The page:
Newspaper article St Louis Post-Dispatch (MO)

There's a Time and Place for Everything, but What the Heck

Newspaper article St Louis Post-Dispatch (MO)

There's a Time and Place for Everything, but What the Heck

Article excerpt

IT'S WAY TOO early to be able to speculate with any degree of authority on the 1996 presidential race - so let's get started.

Gen. Colin Powell is the current hot property on the campaign circuit, though he still hasn't decided whether he'll run, and, if so, whether it will be as an independent or a Republican. While Powell is certainly benefiting from media hype, he's also the subject of genuine public fascination. Voters in some recent polls have put him ahead of President Bill Clinton in a hypothetical contest.

Outside of his military career, Powell is largely unknown and untested, especially in the political arena - one of his attractions for many disenchanted voters who are longing for a sensible, take-charge guy to fix things for them. We last observed this phenomenon in 1992, when Ross Perot stimulated the voters' imagination briefly.

Powell is also fascinating because of the human dilemma posed by his choice. He knows he is popular, and at this point would seem to have a reasonable chance of winning, especially in a head-on race with Clinton. The presidency is clearly a job he would like to have.

But entering the campaign would subject Powell and his family to scrutiny and criticism to which he is unaccustomed and with which he will surely be uncomfortable. As a black American, he will be under added pressure. He'll have to raise a lot of money quickly, and his popularity and reputation have nowhere to go but down. All for what now looks like at best a 50-50 chance at being the world's pre-eminent leader.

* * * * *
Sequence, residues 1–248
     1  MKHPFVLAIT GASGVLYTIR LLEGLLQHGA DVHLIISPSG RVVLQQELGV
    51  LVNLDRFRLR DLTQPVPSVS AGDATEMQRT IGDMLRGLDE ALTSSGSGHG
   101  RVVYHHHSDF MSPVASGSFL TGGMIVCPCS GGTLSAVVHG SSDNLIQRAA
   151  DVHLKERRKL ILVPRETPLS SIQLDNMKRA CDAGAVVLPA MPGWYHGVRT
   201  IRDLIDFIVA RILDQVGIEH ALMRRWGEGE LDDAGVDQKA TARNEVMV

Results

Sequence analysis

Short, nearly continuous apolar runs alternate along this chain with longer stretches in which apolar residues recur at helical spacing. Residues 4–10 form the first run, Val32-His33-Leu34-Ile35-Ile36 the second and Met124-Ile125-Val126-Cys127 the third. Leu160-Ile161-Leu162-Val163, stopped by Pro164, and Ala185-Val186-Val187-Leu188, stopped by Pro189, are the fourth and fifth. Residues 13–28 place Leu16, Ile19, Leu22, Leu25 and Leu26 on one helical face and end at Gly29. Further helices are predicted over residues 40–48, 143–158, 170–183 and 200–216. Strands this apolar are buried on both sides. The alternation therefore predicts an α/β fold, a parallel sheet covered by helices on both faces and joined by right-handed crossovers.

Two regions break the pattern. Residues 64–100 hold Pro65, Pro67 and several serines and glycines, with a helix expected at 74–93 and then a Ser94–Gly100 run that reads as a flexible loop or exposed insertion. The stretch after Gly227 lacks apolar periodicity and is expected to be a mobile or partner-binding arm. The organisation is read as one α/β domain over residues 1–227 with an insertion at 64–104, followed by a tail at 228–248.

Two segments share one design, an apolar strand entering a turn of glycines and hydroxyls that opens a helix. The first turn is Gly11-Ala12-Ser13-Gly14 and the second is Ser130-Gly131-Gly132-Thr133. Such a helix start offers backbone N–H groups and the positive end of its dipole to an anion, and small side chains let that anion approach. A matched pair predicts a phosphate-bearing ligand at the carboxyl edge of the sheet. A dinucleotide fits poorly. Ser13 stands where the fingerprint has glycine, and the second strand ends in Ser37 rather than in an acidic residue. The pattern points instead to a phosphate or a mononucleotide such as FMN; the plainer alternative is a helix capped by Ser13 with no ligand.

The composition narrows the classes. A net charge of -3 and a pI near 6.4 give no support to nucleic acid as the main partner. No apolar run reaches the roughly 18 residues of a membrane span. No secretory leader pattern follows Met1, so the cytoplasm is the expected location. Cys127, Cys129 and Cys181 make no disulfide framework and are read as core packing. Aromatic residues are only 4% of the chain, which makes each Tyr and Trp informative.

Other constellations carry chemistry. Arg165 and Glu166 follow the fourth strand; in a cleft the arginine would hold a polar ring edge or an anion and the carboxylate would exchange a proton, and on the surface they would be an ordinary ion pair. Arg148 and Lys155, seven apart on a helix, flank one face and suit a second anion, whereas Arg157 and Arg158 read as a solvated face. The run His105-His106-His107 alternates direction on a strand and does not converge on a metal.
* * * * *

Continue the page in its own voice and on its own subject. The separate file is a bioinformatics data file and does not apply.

Will he do it? Would you?

A lot of people are urging Powell to run, and some of them even want him to win.

He may be the best bet for moderate Republicans, whose current candidates haven't yet caught fire. Some conservatives, worried about the candidacy of front-runner Bob Dole, like Powell's chances of beating Clinton, as well as the appearance of diversity he can lend to the party.

Some Democrats want Powell to run as an independent because they think he would take votes from the Republican candidate. Others might savor the prospect of the popular general seeking and losing the GOP nomination, thus accentuating the grip that the right wing has on the party. …

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